Students need to be prepared for any significant, summative piece of assessment; development of
skills and attributes through the course should focus on this end.
•
The review of the curriculum gives an opportunity to address aspects of our variable NSS, and other
programme evaluation, particularly the scores for assessment and feedback.
•
The moveable Easter holiday causes problems with the current model; it disrupts the continuity of the
teaching & learning period in the spring & summer terms.
•
The length of holiday periods at Christmas and Easter can be adjusted to suit the needs of the
curriculum.
•
Whatever is decided, programme teams should be having a conversation about their curricula; the
more open and flexible the academic calendar, the more creative and ambitious these discussions can
be.
Options
Broadening
Martin Purvis: Pro Dean L&T Environment
Broadening –
Aims and Rationale
• To allow students to adapt/apply knowledge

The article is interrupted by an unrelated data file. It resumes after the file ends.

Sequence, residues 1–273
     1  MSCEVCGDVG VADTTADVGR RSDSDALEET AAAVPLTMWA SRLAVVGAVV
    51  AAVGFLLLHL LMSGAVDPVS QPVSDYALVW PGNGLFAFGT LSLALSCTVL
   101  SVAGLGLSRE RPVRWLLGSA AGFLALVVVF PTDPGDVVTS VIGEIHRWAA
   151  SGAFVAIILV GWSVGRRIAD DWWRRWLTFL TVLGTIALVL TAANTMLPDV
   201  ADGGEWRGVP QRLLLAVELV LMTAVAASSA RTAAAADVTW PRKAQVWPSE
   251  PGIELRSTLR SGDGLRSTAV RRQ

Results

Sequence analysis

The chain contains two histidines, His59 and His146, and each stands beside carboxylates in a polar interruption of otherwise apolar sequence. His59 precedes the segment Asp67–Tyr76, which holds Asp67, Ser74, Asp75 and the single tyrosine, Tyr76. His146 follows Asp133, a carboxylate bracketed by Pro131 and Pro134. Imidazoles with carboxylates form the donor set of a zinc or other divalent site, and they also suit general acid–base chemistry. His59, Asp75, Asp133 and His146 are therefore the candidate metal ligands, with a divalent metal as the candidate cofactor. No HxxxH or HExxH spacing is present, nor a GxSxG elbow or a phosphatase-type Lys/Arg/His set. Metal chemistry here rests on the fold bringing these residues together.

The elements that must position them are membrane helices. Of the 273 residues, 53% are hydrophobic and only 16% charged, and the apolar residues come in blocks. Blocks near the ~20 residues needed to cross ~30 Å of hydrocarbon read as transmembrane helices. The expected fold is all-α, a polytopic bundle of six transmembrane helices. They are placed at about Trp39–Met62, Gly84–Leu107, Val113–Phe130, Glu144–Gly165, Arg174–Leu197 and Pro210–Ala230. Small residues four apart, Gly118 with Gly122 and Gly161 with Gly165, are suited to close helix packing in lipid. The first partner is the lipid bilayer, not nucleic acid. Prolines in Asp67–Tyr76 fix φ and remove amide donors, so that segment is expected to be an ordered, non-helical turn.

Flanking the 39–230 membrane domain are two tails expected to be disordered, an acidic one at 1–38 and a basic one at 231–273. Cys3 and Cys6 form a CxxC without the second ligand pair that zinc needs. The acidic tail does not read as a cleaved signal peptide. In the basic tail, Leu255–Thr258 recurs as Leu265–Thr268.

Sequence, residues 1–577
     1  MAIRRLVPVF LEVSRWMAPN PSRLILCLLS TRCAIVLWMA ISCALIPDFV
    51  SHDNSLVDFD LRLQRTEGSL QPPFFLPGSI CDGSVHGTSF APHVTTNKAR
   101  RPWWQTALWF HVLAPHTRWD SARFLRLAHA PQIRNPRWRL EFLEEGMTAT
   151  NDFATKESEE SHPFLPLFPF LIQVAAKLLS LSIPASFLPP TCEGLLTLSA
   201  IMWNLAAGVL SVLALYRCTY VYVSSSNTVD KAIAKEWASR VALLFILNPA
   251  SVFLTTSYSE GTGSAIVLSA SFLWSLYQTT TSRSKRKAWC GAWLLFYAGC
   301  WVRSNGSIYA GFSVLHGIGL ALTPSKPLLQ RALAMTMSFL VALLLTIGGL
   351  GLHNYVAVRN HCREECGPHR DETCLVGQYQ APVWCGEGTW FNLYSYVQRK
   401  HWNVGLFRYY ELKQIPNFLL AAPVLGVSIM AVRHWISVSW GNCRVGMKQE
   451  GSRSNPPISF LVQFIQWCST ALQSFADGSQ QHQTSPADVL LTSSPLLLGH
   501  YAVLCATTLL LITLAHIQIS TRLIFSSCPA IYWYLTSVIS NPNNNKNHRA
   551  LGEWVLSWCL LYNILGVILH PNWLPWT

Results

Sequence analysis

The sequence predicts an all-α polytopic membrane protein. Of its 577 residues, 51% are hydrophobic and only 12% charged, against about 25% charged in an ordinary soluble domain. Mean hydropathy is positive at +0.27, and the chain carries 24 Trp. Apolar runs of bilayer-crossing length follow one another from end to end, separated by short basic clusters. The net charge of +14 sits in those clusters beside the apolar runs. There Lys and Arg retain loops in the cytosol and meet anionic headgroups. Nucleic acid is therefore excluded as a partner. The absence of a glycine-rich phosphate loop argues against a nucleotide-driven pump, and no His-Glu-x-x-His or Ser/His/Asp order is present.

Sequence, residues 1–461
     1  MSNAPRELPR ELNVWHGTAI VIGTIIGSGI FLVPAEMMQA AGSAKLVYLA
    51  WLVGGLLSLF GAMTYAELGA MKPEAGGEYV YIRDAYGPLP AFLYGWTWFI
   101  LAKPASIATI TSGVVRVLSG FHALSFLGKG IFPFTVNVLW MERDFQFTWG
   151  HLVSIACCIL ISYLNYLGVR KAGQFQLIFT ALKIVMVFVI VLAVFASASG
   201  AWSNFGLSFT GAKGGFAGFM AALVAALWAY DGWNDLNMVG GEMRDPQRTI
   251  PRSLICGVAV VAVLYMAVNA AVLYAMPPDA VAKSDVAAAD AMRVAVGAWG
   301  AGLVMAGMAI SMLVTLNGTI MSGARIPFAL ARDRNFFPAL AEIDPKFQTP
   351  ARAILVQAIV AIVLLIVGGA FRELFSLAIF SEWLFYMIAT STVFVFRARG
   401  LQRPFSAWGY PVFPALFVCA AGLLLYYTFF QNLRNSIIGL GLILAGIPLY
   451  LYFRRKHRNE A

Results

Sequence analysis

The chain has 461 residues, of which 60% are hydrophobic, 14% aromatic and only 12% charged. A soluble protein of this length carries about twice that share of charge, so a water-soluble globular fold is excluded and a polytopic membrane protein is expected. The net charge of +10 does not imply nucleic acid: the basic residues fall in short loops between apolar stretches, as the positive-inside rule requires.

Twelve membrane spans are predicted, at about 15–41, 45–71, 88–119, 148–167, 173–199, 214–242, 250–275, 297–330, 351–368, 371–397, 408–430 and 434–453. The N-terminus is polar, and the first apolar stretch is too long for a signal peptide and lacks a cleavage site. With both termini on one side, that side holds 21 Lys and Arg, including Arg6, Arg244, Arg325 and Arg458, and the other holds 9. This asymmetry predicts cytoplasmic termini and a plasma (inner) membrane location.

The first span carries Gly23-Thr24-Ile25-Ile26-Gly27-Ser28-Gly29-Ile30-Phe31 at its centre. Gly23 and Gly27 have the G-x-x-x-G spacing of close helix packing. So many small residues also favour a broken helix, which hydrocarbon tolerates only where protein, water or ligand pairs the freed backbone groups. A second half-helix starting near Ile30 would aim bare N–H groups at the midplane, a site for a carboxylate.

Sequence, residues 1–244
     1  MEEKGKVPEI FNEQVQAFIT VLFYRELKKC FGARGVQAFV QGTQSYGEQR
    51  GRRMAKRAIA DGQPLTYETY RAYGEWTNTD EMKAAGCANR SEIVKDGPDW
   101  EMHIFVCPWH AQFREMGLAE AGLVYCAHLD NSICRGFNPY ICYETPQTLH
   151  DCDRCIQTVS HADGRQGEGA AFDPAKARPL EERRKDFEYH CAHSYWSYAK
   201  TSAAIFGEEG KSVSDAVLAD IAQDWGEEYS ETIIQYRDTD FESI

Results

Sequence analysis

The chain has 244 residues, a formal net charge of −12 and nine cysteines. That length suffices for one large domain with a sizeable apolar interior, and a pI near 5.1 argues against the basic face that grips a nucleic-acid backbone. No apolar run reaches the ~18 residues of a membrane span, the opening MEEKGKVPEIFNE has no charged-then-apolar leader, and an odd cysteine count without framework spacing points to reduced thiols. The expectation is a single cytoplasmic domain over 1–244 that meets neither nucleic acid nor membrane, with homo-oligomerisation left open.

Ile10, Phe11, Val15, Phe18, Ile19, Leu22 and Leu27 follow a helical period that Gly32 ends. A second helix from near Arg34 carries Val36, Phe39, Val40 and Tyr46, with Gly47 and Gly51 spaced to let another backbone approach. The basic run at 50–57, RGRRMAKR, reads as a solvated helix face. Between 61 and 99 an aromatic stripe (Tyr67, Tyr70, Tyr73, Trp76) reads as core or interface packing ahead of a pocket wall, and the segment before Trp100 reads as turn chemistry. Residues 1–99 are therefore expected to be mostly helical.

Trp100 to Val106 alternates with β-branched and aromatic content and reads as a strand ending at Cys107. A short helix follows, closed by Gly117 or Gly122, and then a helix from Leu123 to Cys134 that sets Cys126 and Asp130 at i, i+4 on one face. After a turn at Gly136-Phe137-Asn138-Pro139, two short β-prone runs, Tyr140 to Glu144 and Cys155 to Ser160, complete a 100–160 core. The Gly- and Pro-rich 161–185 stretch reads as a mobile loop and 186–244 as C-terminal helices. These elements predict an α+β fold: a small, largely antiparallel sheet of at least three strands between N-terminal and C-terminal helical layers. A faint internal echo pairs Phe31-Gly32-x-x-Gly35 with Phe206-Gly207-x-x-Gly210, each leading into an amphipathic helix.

from main discipline in different ways/contexts
• To give students the opportunity to undertake
subjects, develop skills and explore topics
beyond main discipline
• To meet employer demand for individuals with
broad academic horizons and the confidence/
flexibility to question received wisdom – not
just specialist knowledge of a single subject
area (Graduate Talent Conference 2010)
Broadening at Leeds –
Flexible Opportunity
• Enhance/render explicit broadening elements
within primary disciplinary content
• Facilitate/enhance co-curricular broadening
opportunities, external/research placements
etc.
• Coordinate/enhance broadening electives as
component of most programmes
Broadening: Elective Strands
• Reformat electives as coherent strands of related
modules – both as organisational device and to clarify
rationale for broadening
• Ensure strands offer students the opportunity to pursue